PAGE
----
Offering a glimpse into the top-secret world of Guantanamo Bay, the Pentagon has released the names and home countries of many detainees who have been held at the isolated military prison for up to four years.
A Freedom of Information Act lawsuit filed by The Associated Press forced the US Department of Defense on Friday afternoon to turn over some 5,000 pages of transcripts from closed-door hearings on the detainees, most of whom were accused of having links to the Taliban or al-Qaeda.
While the Pentagon has not provided the full roster of detainees, the transcripts give the most detailed picture to date of who has been held at the prison on a US base in eastern Cuba, which has become the focus of international criticism in part because of the government's shroud of secrecy.
Jamie Fellner, director of the US program for Human Rights Watch, said the disclosure represents a "major breach" in that secrecy.
"It will add to our understanding of who is there and what are the reasons that the US alleges they are there for," Fellner said.
The Pentagon released the documents after a federal judge rejected arguments by the administration of US President George W. Bush that releasing names, home countries and other information would violate the detainees' privacy and could endanger them and their families.
The names are scattered throughout the transcripts of hearings, and it was unclear how many names the documents contained. In most of the transcripts, the person speaking is identified only as "detainee." Names appear only when court officials or detainees refer to people by name.
In some cases, even having the name did not clarify the identity. In one document, the tribunal president asks a detainee if his name is Jumma Jan. The detainee responds that no, his name instead is Zain Ul Abedin.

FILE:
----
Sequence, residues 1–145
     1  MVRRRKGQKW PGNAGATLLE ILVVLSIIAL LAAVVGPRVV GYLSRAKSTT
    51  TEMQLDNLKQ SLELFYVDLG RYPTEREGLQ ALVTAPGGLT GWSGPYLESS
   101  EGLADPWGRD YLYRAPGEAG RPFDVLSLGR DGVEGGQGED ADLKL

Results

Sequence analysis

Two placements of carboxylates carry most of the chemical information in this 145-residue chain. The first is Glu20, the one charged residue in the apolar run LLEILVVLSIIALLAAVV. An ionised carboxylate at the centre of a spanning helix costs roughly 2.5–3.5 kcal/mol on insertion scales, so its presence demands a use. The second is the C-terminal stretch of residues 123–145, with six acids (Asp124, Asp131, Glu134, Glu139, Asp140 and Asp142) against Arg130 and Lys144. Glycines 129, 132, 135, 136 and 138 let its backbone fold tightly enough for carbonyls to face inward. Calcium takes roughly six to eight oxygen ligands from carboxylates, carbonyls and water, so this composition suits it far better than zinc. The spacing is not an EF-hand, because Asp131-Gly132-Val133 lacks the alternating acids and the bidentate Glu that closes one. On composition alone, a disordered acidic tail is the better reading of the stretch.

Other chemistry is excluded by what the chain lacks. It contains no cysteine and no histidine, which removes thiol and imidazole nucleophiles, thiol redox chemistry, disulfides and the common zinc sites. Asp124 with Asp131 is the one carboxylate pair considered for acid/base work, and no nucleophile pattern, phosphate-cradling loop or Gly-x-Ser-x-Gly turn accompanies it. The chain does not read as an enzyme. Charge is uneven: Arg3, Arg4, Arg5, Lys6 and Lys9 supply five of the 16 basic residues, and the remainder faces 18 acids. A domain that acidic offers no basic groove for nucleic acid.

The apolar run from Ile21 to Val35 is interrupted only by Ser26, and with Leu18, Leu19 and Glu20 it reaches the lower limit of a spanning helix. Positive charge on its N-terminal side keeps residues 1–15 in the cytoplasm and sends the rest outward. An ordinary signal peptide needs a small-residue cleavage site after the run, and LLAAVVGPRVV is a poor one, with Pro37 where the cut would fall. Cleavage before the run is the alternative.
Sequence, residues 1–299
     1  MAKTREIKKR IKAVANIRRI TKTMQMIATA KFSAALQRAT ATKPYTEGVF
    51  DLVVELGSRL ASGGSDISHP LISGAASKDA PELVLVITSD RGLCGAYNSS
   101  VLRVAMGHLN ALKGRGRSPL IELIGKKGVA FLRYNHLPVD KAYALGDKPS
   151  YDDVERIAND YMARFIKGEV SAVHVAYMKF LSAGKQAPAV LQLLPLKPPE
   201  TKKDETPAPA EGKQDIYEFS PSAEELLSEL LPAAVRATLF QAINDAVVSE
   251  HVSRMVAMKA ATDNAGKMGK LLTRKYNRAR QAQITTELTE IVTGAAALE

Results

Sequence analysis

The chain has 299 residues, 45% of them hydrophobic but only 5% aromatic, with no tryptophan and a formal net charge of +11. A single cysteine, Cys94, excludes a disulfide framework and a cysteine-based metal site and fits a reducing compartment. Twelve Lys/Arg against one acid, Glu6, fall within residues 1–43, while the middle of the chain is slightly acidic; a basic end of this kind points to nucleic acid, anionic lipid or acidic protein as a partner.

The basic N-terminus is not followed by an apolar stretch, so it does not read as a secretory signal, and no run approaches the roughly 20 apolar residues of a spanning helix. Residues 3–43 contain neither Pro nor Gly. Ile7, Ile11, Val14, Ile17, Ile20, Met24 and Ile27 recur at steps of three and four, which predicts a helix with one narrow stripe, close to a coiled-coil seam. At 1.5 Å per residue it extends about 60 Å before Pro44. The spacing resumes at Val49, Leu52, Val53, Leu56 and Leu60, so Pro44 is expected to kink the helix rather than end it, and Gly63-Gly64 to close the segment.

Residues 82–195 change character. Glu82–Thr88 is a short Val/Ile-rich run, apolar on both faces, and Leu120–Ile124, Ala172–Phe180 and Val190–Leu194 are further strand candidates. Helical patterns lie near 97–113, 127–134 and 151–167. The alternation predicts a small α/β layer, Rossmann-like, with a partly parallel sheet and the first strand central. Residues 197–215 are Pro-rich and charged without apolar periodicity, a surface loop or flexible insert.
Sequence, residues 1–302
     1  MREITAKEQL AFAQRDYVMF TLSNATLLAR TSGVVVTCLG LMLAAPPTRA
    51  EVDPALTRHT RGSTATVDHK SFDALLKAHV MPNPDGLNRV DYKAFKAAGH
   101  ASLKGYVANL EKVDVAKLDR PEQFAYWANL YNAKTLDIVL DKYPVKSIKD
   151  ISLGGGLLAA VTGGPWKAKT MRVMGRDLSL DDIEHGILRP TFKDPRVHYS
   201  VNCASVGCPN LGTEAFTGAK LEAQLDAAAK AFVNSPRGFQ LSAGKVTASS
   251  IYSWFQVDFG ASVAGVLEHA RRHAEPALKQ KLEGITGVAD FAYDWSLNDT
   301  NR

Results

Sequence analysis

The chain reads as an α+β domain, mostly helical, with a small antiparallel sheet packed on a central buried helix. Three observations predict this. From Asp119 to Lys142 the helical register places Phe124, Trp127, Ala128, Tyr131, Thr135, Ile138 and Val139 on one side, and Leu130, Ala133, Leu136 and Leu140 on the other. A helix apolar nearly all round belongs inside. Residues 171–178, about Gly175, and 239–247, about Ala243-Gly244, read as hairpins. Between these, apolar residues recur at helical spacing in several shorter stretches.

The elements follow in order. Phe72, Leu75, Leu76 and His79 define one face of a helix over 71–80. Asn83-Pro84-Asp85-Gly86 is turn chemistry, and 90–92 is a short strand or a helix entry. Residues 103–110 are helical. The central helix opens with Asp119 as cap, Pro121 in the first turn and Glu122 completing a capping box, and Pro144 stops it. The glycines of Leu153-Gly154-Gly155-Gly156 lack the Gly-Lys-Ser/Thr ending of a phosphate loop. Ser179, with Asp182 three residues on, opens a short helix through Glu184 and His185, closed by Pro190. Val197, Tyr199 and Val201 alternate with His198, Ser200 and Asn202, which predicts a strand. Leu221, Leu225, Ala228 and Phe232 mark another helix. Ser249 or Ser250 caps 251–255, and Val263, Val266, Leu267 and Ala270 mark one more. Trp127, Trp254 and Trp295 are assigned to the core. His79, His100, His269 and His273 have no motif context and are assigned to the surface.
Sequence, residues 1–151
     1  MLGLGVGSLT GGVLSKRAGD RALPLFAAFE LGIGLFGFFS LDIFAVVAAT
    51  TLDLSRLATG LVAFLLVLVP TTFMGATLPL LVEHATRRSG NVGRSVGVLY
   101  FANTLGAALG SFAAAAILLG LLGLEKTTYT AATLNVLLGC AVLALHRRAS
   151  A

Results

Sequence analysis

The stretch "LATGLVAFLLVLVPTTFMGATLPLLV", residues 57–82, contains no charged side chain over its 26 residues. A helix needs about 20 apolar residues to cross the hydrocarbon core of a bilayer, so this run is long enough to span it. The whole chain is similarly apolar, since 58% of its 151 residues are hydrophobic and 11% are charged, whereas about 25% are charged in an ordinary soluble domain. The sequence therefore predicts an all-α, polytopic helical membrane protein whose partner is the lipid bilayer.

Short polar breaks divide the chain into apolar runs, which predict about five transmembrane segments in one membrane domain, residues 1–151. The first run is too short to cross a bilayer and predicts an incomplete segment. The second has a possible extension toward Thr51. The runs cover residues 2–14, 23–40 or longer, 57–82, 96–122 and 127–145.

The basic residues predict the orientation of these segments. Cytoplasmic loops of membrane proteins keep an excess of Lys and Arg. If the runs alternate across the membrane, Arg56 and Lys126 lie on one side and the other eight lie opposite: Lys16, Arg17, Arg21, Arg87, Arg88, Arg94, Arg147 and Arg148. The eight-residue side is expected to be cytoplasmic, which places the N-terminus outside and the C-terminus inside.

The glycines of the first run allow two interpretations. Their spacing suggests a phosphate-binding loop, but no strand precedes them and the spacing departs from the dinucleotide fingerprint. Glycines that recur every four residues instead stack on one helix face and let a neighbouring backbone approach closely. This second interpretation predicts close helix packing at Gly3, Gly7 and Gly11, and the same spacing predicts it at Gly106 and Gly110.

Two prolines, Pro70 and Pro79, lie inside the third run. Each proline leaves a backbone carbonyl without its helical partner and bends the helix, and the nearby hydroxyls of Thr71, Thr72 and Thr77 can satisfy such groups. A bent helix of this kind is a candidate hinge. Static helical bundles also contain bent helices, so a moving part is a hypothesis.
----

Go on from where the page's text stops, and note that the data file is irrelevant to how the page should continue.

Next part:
Most of the Guantanamo Bay hearings were held to determine whether or not the detainees were "enemy combatants."
That classification, Bush administration lawyers say, deprives the detainees of Geneva Conventions prisoner-of-war protections and allows them to be held indefinitely without charges.
Documents released last year -- also because of a Freedom of Information Act lawsuit by the AP -- included transcripts of 317 hearings, but had the detainees' names and nationalities blacked out. The current documents are the same ones -- this time, uncensored.
A US military spokesman in Guantanamo Bay said the Pentagon was uneasy about handing over the transcripts.
"Personal information on detainees was withheld solely to protect detainee privacy and for their own security," said Lieutenant Commander Chito Peppler. He said the defense department remains concerned that the disclosure "could result in retribution or harm to the detainees or their families."
About 490 prisoners are being held at Guantanamo Bay, but only 10 of them have been charged with a crime.